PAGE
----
English 2322 British Literature I 12346 & 13368 Fall 2019

Syllabus for English 2322 Dual Credit Memorial High School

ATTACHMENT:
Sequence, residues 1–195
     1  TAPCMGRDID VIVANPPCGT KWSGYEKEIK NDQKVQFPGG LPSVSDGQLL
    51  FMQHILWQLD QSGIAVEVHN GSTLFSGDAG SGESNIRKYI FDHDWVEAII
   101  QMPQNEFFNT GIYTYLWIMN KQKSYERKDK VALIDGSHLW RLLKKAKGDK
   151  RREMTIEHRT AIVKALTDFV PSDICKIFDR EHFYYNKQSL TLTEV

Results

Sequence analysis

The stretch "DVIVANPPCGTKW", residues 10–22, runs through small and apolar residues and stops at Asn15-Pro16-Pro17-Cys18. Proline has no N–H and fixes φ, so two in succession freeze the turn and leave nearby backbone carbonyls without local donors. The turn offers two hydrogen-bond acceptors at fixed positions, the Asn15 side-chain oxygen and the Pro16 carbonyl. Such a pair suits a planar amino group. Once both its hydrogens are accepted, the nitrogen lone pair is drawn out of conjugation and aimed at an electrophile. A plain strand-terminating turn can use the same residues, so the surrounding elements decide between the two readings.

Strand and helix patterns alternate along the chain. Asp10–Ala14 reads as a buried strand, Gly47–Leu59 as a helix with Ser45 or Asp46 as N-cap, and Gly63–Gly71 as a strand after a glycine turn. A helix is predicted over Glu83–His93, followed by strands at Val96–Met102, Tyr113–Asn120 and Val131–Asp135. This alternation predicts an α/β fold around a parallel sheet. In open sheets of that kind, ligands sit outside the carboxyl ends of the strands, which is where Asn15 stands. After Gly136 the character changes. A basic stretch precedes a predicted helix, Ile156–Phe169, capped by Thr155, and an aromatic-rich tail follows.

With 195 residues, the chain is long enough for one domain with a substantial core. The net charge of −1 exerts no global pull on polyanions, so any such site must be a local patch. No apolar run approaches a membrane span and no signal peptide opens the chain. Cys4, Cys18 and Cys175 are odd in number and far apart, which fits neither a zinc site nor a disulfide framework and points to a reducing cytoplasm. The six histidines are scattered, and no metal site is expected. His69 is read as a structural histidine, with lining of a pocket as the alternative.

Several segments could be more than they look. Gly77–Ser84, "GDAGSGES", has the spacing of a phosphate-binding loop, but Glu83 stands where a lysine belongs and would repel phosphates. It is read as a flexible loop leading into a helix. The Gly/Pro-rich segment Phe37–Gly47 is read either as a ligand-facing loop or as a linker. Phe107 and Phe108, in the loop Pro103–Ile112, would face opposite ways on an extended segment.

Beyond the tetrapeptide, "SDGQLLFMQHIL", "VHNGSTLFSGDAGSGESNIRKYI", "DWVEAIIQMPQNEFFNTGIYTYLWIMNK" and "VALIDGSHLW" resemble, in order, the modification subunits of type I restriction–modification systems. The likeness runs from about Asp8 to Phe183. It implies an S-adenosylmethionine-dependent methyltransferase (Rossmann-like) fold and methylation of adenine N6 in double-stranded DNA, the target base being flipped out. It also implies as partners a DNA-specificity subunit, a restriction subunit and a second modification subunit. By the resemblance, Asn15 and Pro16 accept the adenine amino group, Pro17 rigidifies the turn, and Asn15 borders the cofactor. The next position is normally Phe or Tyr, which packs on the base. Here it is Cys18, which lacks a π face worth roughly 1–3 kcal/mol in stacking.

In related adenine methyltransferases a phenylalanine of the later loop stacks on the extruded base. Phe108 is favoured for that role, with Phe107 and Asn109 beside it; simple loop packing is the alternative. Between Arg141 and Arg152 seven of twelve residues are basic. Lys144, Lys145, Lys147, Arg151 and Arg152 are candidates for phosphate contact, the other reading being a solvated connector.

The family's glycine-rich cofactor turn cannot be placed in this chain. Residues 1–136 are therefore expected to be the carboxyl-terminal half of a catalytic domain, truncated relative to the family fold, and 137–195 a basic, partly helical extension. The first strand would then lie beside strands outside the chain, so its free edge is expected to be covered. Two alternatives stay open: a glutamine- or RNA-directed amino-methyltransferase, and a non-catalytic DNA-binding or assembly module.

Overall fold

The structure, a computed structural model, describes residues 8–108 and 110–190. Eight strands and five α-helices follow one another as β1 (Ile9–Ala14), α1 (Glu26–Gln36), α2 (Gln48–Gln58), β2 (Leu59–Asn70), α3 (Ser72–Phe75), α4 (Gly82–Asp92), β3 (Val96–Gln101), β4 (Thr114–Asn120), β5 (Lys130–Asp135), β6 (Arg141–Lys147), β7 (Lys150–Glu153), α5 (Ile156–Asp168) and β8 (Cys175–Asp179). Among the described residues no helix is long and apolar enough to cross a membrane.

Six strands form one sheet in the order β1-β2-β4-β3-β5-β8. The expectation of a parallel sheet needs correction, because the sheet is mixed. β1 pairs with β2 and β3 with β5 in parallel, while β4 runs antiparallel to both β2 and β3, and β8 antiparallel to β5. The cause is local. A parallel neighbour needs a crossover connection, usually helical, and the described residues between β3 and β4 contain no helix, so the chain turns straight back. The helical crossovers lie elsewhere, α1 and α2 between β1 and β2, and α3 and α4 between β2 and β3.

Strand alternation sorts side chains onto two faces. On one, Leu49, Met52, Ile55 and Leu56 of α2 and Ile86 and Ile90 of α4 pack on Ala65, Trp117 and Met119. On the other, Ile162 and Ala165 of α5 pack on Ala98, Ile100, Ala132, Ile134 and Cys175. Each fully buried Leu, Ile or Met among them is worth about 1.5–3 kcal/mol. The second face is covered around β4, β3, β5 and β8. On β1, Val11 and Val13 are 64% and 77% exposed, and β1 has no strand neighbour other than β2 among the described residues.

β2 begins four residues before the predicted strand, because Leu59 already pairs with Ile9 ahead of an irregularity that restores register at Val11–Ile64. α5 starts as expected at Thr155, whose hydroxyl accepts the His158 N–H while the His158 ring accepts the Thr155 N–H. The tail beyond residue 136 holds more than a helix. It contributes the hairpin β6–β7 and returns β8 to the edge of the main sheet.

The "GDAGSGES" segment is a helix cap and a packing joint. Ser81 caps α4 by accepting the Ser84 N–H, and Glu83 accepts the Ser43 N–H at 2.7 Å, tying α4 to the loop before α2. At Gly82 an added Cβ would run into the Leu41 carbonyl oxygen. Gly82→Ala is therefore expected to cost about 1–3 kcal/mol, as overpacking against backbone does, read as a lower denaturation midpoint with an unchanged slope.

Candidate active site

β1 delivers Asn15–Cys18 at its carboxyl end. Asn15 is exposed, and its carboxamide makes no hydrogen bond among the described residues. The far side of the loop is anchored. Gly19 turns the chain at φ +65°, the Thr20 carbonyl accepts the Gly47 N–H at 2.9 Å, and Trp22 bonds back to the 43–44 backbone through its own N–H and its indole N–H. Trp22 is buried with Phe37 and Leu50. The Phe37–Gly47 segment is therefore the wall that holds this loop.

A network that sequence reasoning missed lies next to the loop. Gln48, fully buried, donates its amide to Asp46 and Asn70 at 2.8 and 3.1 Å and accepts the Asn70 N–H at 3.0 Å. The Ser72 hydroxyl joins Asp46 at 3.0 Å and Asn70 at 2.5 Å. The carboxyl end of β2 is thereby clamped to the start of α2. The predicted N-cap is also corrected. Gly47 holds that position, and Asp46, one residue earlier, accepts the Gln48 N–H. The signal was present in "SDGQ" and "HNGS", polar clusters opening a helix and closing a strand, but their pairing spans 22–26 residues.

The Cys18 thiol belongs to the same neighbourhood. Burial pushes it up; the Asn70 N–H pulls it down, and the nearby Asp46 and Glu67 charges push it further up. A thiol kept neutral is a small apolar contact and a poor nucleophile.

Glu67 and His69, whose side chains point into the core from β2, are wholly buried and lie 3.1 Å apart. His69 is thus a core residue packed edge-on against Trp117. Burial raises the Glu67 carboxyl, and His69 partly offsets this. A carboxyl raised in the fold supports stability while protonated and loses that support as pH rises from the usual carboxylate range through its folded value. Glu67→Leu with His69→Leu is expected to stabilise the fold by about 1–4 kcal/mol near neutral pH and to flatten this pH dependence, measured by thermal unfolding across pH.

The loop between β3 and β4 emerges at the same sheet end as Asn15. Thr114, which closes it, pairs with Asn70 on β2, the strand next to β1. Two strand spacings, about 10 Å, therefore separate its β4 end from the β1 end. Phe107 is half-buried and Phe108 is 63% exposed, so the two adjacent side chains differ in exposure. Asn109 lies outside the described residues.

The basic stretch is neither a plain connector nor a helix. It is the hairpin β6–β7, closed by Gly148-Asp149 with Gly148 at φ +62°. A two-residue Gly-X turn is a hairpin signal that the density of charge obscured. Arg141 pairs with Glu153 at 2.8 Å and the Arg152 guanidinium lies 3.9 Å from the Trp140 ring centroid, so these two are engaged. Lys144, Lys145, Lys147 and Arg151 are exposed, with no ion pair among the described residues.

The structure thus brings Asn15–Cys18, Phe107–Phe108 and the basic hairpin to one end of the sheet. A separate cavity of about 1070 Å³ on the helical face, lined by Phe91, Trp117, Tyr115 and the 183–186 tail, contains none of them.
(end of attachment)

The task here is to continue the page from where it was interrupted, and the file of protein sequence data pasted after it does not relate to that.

1 Engl 2322 Jenkins Houston Community College English 2322 Course Syllabus Fall 2019 Course Location: Memorial HS, 0-104 3 hour lecture course / 48 hours per semester/ 16 weeks Course Number: 13368 and 12346 W Number (Your Student ID #): _____________ 2 nd Period 13368 3 rd Period 12346 Contact Information: Instructor: Mark Jenkins Email Address: [email protected] Conference: 4th period or by appointment. Available for Tutorials Tuesdays and Wednesdays after school until 4:00 pm. Phone: (713) 251-2587 Textbooks and Other Sources Required: Norton Anthology of English Literature Volumes A, B, C 9th or 10th Edition Online Writing Lab (OWL) https://owl.english.purdue.edu/owl/ Other Materials: Pens, Pencils, Highlighter, Fine tipped dry erase marker, etc. Notebook paper or spiral bound notebook Blue Books (for Midterm and Final Exam) College level dictionary and thesaurus English 2322 Course Description: Credit: 3 hours (lecture) A survey of the development of British literature from the Anglo-Saxon period to the Eighteenth Century. Students will study works of prose, poetry, drama, and fiction in relation to their historical, linguistic, and cultural contexts. Texts will be selected from a diverse group of authors and traditions. Core Curriculum Course. Prerequisite: English 1301 Student Learning Outcomes: Upon successful completion of this course, students will: • Identify key ideas, representative authors and works, significant historical or cultural events, and characteristic perspectives or attitudes expressed in the literature of different periods or 2 Engl 2322 Jenkins regions. • Analyze literary works as expressions of individual or communal values within the social, political, cultural, or religious contexts of different literary periods. • Demonstrate knowledge of the development of characteristic forms or styles of expression during different historical periods or in different regions. • Articulate the aesthetical principles that guide the scope and variety of works in the arts and humanities. • Write research-based critical papers about the assigned readings in clear and grammatically correct prose, using various critical approaches to literature. Core Objectives: Given the rapid evolution of necessary knowledge and skills and the need to take into account global, national, state, and local cultures, the core curriculum must ensure that students will develop the essential knowledge and skills they need to be successful in college, in a career, in their communities, and in life. Through the Texas Core Curriculum, students will gain a foundation of knowledge of human cultures and the physical and natural world, develop principles of personal and social responsibility for living in a diverse world, and advance intellectual and practical skills that are essential for all learning. Students enrolled in this core curriculum course will complete assignments designed to cultivate the following core objectives: • Critical Thinking Skills—to include creative thinking, innovation, inquiry, and analysis, evaluation and synthesis of information. • Communication Skills—to include effective development, interpretation and expression of ideas through written, oral and visual communication. • Personal Responsibility—to include the ability to connect choices, actions, and consequences to ethical decision-making. • Social Responsibility—to include intercultural competency, knowledge of civic responsibility, and the ability to engage effectively in regional, national, and global communities. Grade Distribution: Final grades will be calculated as follows: Assignment % of Final Grade Essay #1: Epic Compare Essay 20% Essay #2: Epic Project 15% Essay #3: Midterm 15% Essay #4: Canterbury Tales Essay 25% Final In-Class Essay 15% Participation/Quizzes/ In-class writing 10% Total 100% 3 Engl 2322 Jenkins Instructor Grading Criteria for Major Essays: Content Organization Sentences Word Use and Tone Punctuation and Mechanics Following MLA formatting and citation style HCC Grading Scale: A = 100 – 90 B = 89 – 80 C = 79 – 70 D = 69 – 60 F = 59 and below MHS Grade Breakdown: is as follows Major Assignment: Essays, Tests, and other projects 50% Quizzes 30% will be at least 4-5 quiz grades per 9-weeks Daily Grades 20% homework, daily class work Diagnostic Essay: All English 1301 students write a diagnostic essay during the first class session in order to confirm their placement into English 1301. The essay will not count as a grade in the course, but let me know your writing strengths and weaknesses. One goal of the Houston Community College English Department is to place you in an appropriate English class where you will learn and succeed. Course Policies: Online content This course will use itslearning for handouts, announcements, and other tasks. We will also use Remind. Go to www.remind.com, or open the Remind app, click on “I’m a student or parent.” Then, search for our class: @jenkinma to enroll OR simply text @jenkinma to 81010 to enroll. Reminders will typically be sent in the afternoon or evening, but never past 10pm. If you change classes or simply wish to cease the reminders, simply text STOP back. Professionalism Our class will reproduce in many ways a “real-world” work environment, and you will be expected to participate professionally—be on time and prepared, meet deadlines, do your fair share, and be polite. See below for specifics. 1. Classroom discussion should be relevant to the topic we are discussing. You will get kudos for relevant contributions, but not for irrelevant ones. 2. Classroom discussion should be civilized and respectful to everyone. Racist, sexist, lookist, ableist, homophobic, and any other discriminatory language and behavior is not 4 Engl 2322 Jenkins acceptable in the college classroom, just as it would not be acceptable in a workplace. It is possible to discuss all topics from any political point of view while adhering to this level of civility. 3. Aim for timeliness. If you come in late, you should check with a classmate after class to see what you may have missed. If you miss the quiz because of lateness, there is no make-up available. If you come in more than 20 minutes late, I reserve the right to mark you absent for the day. 4. Do not pack up early. This is distracting and contagious. If you pack up early, I reserve the right to mark you absent, as you have essentially “left” class early. 5. Come to class prepared. Being prepared means: a. Reading and annotating materials before class so you are ready to discuss. b. Bringing your books, paper, and pens to every class, along with any other required materials (e.g., drafts of your paper on draft workshop days). c. Contacting another student if you were absent last time, so you can be prepared for the next class. Get three different phone numbers from classmates during the first week of the semester. 6. Respect everyone’s right to a non-disruptive learning environment. Please do not talk to each other while I am talking or when another student is talking. 7. Professionalism expectations extend beyond the classroom. Your actions (negative and positive) in office hours, email, instant messaging/chat/bulletin boards, listservs, and course blogs also affect your professionalism grade and count as part of your class participation. Other Class Policies Personal Communication Devices Turn off all cell phones, tablets, laptops, and other personal communication devices before the start of class. Cell phones will be stowed in numbered pockets by the door. I will give you time at the end of class to retrieve them. Laptops may be used on peer review days, but only for essay related tasks. If I repeatedly ask you to put away such devices, it will affect your class participation grade, and I may take them up for the class or end of day where they may be retrieved from your Principal. · I will dismiss the class, so please do not pack books before I do this. · The out-of-class essays must be typed and submitted to Turnitin. The in-class essays will be written on college ruled paper or in blue books purchased in the bookstore. · The time to discuss an essay grade is after it is returned, not at the end of the semester. · When you email me, use correct English and proofread your message. Mention what class period you are in. Write complete sentences, capitalize proper nouns, and use correct punctuation. Do not write “b4” for “before” or “u” for “you,” any other shortened form of a word, or text message language. Write as if you were on the job and producing text acceptable in the Houston business community. 5 Engl 2322 Jenkins · No eating during class. Drinks are allowed but must have lids. Class Participation Your success in this course is a function of your level of engagement. I am interested in the quality of your remarks as they relate to writing and the various texts we will examine, rather than quantity. Please use your analysis of the readings, your writing, and prior research and/or study when responding orally in class, and please be prepared to back up any points you make. Late Work All drafts, including final, must be submitted when and as required in order to successfully complete this course. Late assignments will suffer a final grade deduction of 10% for each day late. After a week (seven days) such assignments will receive a zero. If you are having trouble completing a specific assignment, please get in touch with me as soon as possible and consider making use of the school’s writing center. Technological issues (computer, internet, software, or printer) are not an acceptable excuse for not submitting work by due dates. There are computer labs on campus for your use. Late work will also receive minimal feedback. Uploading a final draft to Turnitin is a required part of writing assignments for this course. Failure to do so by the due date will result in a 5% deduction from the final grade for each day late. If for some reason you’re unable to log in or upload your essay, email it to me before the due date and time to show me that you’ve completed the assignment. Withdrawal Policy: You must notify me if you intend to withdraw from the course. I am the only one who can do this. You do cannot drop yourself from this dual credit class. Academic Honesty: According to the Student Handbook for the Houston Community College System, scholastic dishonesty includes, but is not limited to, cheating on a test, plagiarism, and collusion. 1. Cheating on a test includes: ● Copying from another student’s test paper and using materials not authorized by the person giving the test. ● Collaborating with another student during a test without authority. ● Knowingly using, buying, selling, stealing, transporting, or soliciting in whole or part the contents of an unadministered test. ● Bribing another person to obtain a test that is to be administered. 2. Plagiarism means the appropriation of another’s words or ideas and the unacknowledged incorporation of that work in one’s own written work offered for credit. 3. Collusion means the unauthorized collaboration with another person in preparing written work offered for credit. 6 Engl 2322 Jenkins According to the Student Handbook, “possible punishments for scholastic dishonesty may include a grade of 0 or F for the particular assignment, failure in the course, and/or referral to the college Dean of Student Services for disciplinary action up to and including expulsion. Students have the right to appeal the decision” (18). Students are responsible for complying with the concepts of scholastic honesty. If you have any questions concerning this issue or any major assignment for this course, please contact me. HCC has a Learning Resource Center at each campus for student use. The library provides electronic resources including an online catalog system as well as numerous databases that contain full-text articles all available at https://library.hccs.edu. Additionally, many of the required texts are on reserve at the library. Find out library locations and hours here: http://library.hccs.edu/about_us/intersession_hours Students with Disabilities: Any student with a documented disability (e.g., physical, learning, psychiatric, vision, hearing, etc.) who needs to arrange reasonable accommodations must contact the Disability Service Office (713-718-5422) at the beginning of each semester. Faculty members are authorized to provide only the accommodations requested by the Disability Support Services Office. At HCC the safety of our students, staff, and faculty is our first priority. As of August 1, 2017, Houston Community College is subject to the Campus Carry Law (SB11 2015). For more information, visit the HCC Campus Carry web page at http://www.hccs.edu/district/departments/police/campus-carry/. Houston Community College is committed to cultivating an environment free from inappropriate conduct of a sexual or gender-based nature including sex discrimination, sexual assault, sexual harassment, and sexual violence. Sex discrimination includes all forms of sexual and gender-based misconduct and violates an individual’s fundamental rights and personal dignity. Title IX prohibits discrimination on the basis of sex-including pregnancy and parental status-in educational programs and activities. If you require an accommodation due to pregnancy please contact an Abilities Services Counselor. The Director of EEO/Compliance is designated as the Title IX Coordinator and Section 504 Coordinator. All inquiries concerning HCC policies, compliance with applicable laws, statutes, and regulations (such as Title VI, Title IX, and Section 504), and complaints may be directed to: EGLS3 -- EVALUATION FOR GREATER LEARNING STUDENT SURVEY SYSTEM: At Houston Community College, professors believe that thoughtful student feedback is necessary to improve teaching and learning. During a designated time, you will be asked to answer a short online survey of research-based questions related to instruction. The anonymous results of the survey will be made available to your professors and division chairs for continual improvement of instruction. Look for the survey as part of the Houston Community College Student System online near the end of the term. Go to www.hccs.edu/egls3 for more information.